JA Poetry that is less easily defined may be less easy to sell, which makes it tricky. What has your experience been with publishers and editors?

MD I think overall it’s been very positive. My second book was much more difficult to publish, and I know that the market at the time had a lot to do with it.

JA Meaning what?

MD It’s just that the market was plummeting economically, and so it was really hard to find someone who would publish poetry. I think, also, my first book was a lot more politically charged, and when I sent out my second manuscript people were looking for the first book even though maybe they didn’t say it. Maybe they weren’t even conscious themselves of what they were looking for in the book that they didn’t find in my second manuscript.

JA You were saying that there is the sense that you have to write a politically charged poetry in order to be marketable.

MD Well, I guess what it does is, it makes one realize just how artificial publishing is and necessarily so — it’s a business. Yes, definitely, that’s been there. Also, with my second book I think I was more consciously withholding my politically charged persona in a way.

JA Are there publishers who are starting to challenge those stereotypes more?

MD Yes, I think they’re starting to more. Aboriginal writers were new to the whole publishing industry, so I think publishers have matured.

JA And they are looking for work with more complexity and depth, rather than the political agenda, which I think is what readers tend to expect: this is how Native writing is supposed to be, which can be really frustrating.

MD Yes, it’s frustrating. As I say, with the opportunities I’ve had, I’ve been very fortunate. Even though some of it has been frustrating, that’s really nothing compared to people who don’t get anything published at all.

JA Absolutely. Have you thought about writing fiction?

MD I’ve written a story. I don’t know how short it is — it may not be a short story. It may be a lot longer than I really want it to be.

JA It could be a novel.

MD No, don’t say that. I’m just curious about fiction. I mean, how do you do it? … It’s a different king of writing.

JA And a more sustained single work.

MD My biggest fear of writing fiction is that I’m going to be imposing a larger vision, but you have to in fiction.

JA It’s much more plot-driven.

MD Much more plot-driven, yes. I’m always wondering with fiction writers, what is too much imposition of my own will on this piece. It’s a really hard thing for me to get my head around. OK, how do I do this stuff? I feel relatively comfortable with writing poetry because I know it’s ambiguous, and I feel OK with that, but fiction is just like uhhhh …

JA There’s a lot more flexibility in poetry.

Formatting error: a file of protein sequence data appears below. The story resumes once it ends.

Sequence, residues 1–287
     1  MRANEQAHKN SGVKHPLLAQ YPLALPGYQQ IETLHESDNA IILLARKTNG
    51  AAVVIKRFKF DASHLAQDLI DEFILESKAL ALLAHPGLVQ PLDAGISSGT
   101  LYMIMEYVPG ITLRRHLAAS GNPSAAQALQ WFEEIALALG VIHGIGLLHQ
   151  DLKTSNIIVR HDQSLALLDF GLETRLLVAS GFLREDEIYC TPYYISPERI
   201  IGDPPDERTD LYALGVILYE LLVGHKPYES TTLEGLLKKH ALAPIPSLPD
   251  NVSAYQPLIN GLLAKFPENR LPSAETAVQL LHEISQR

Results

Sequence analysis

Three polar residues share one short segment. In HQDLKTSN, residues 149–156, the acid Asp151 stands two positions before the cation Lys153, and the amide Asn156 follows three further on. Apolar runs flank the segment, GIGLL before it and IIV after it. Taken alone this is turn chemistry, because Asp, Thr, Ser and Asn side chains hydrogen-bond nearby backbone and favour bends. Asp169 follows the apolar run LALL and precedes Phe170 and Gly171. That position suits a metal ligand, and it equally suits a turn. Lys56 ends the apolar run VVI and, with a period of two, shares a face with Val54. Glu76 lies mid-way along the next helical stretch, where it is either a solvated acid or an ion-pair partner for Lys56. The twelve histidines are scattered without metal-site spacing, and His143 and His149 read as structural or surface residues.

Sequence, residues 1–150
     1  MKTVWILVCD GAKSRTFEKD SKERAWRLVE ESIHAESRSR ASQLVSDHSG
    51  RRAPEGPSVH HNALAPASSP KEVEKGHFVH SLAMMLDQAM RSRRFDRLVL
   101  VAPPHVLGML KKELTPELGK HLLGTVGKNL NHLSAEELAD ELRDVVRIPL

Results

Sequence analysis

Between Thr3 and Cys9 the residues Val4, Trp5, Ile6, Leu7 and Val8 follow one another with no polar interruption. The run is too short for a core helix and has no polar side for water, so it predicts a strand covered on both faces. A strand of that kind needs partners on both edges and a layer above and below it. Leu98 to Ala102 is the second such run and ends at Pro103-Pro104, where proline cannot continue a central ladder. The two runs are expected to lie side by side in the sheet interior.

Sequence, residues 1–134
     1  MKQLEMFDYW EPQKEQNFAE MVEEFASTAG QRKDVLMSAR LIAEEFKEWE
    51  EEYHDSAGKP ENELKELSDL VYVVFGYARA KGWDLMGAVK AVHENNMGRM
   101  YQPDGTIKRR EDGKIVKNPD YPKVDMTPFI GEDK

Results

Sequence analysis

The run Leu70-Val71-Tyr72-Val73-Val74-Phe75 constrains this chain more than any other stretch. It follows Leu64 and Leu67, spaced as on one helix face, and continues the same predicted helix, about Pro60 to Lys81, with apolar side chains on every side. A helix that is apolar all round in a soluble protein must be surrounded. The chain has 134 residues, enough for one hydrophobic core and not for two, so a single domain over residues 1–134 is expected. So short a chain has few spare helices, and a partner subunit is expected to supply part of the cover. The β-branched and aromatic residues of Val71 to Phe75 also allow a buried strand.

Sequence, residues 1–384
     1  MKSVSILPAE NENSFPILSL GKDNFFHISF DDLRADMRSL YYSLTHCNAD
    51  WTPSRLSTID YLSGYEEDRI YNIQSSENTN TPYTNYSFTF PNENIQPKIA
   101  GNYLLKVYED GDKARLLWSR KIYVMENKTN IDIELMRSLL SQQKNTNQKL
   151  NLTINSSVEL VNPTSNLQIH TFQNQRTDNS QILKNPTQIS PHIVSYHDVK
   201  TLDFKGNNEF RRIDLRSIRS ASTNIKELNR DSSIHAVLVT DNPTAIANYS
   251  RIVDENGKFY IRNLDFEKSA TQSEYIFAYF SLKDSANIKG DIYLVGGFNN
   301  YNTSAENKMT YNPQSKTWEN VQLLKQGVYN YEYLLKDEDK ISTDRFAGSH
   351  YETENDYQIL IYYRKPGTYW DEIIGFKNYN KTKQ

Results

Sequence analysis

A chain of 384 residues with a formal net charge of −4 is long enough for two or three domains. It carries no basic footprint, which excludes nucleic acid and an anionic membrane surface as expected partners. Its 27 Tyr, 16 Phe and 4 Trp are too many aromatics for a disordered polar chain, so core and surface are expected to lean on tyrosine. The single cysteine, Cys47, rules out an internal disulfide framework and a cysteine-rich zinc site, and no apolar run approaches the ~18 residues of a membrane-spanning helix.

MD Yes, there is. Even in the process of working you can work the full-time job and still write poetry. It will take you a little longer to get a collection together again, but you can still do it.

JA And is that typically how you’ve written it?

MD Yes, it has been.

JA What are you normally doing? Are you normally teaching while you’re doing that?

MD Well, let’s see, what have I done? I guess it’s been a little bit of teaching, a little bit of student services work. And then also film production. I haven’t done any film production for a long time, but I’m thinking of doing something again. I’ve actually got a couple of film projects that I return to when I can.

JA What kind of projects?

MD Well, one thing I have on tape is some footage of my mother. It was a project I started probably in 1991 or 1992 where I wanted to explore the relationship and the difference between my mother’s life and my life. In some ways there were some similarities, but in some way there were vast differences in her life. My mom married at eighteen, and she had ten kids, forty grandchildren, and thirty great-grandchildren. She’s passed on now. Then I looked at myself: not married, no children, went to university, got two degrees. My mom went to school until grade six. So, you know, it’s just an incredible difference in our lives. I’m exploring that. I did some video footage and audio footage of my mom, but I haven’t worked on it since, and I want to finish that.

JA Besides the video, what other projects are you planning?

MD Well, the other project I’m thinking about is interviewing people who are descendents of Gabriel Dumont and exploring how they know their history. What’s the relationship to their history now? I’m interested in exploring those kinds of things, I guess, because of the kind of odd way I came to know my history.

JA Yes, because you were saying a relative …

MD Yes, a sister-in-law —

JA … had found out about your connection to the Red River Métis and specifically, Gabriel Dumont. It’s interesting because it’s often talked about now in biographies. When you read a biography of Marilyn Dumont that is something that’s mentioned right away, and yet it sounds to me as if it’s something that is quite peripheral, in your mind, to your identity?

MD Yes, right. That’s the other thing that happened with marketing my first book. When I was new to publishing I had no idea how foregrounded that heritage would be in the whole marketing of my book. Now I would be much more careful to ensure that that didn’t happen.

JA You didn’t have much control over that first book.

MD Well, the thing is I could have, had I known more about publishing, right? But as I say, publishing is a business.

JA Well, you tend to trust that the people you’re working with will do what they need to do.

MD Well, and I think Brick did what they needed to do. I don’t begrudge them for it. We sort of assume that we know people, based on certain things and so that was an assumption, a profitable assumption, for a publisher to make. Now I’m thinking I might as well take advantage of that [laughs]. I mean it’s like everyone else has written about Riel or Gabriel Dumont, but I haven’t. I’ve been careful about how I approach that subject because I wanted my poetry to be looked at more than my heritage or connection to Gabriel Dumont, although I’m very proud of that. The kind of documentary thing I want to do is just exploring. How did you find out that you were related and what does that mean to you and how has that affected your life? I think there appear to be some interesting answers to that.